Look for the “Furikomi” or “Transfer” option on the ATM menu screen. Simply input the recipient’s bank account information (including the account number, recipient’s name, and the amount to be transferred).

Be prepared with all this information, and just in case, also have the following information:

  • the recipient’s bank code
  • branch name
  • and branch code

Some ATMs require more information than others.

Don’t forget to collect the receipt that confirms you sent the money for your own personal records.

Some ATMs may have restrictions on the amount that can be transferred in a single transaction.

How to Use the Furikomi Service from an ATM (International Transfers)

As I will explain, furikomi transactions can also be used for international transfers. They are conducted through the SWIFT network (you will have to ask your bank teller if this is possible with their ATM).

However, the downside to using SWIFT from an ATM is the cost per transaction.

Japan Post Bank charges 7,500 JPY for an international transfer, and you’ll find many other SWIFT ATM transfers could be similarly expensive.

What has become most popular are middle-man services for getting your money from Japan to your home country, such as Wise.

These services will often have a company Japanese bank account that you must first send your money to, then this money will be transferred for a reasonable fee.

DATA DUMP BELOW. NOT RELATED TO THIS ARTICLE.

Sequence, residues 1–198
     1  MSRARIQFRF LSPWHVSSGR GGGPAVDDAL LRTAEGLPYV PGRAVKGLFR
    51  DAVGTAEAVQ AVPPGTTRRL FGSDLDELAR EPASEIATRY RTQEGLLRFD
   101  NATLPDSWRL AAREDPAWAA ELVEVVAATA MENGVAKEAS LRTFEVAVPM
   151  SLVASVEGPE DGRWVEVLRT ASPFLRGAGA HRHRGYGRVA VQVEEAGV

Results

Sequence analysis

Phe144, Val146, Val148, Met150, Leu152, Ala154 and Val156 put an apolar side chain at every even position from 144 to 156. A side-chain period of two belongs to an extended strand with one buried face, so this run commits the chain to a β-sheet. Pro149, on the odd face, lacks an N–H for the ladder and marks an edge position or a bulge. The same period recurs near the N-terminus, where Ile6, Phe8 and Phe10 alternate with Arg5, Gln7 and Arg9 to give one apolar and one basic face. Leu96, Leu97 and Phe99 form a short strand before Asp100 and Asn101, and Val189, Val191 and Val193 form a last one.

All of these transfers can be done by the furikomi system from your chosen ATM.

Lost or Stolen ATM Cards in Japan

In the unfortunate event that you lose your card in Japan, or even worse, it gets stolen, you will need to take the following steps to keep your money safe.

Contact Your Card Issuer

It goes without saying that you’ll want to report your card if it goes missing. Most major credit card companies have a 24-hour customer service line for reporting lost or stolen cards.


If it is a card from your local Japanese banks, you may have to wait until bank business hours to visit in person, or call their customer service. If possible, keep a record of emergency contact numbers for your card issuers from your country just in case something like this happens to you. It also isn’t a bad idea to carry a backup debit or credit card that is separate from your primary card.

This can serve as an alternative means of accessing funds in case your primary card is lost or stolen.

File a Police Report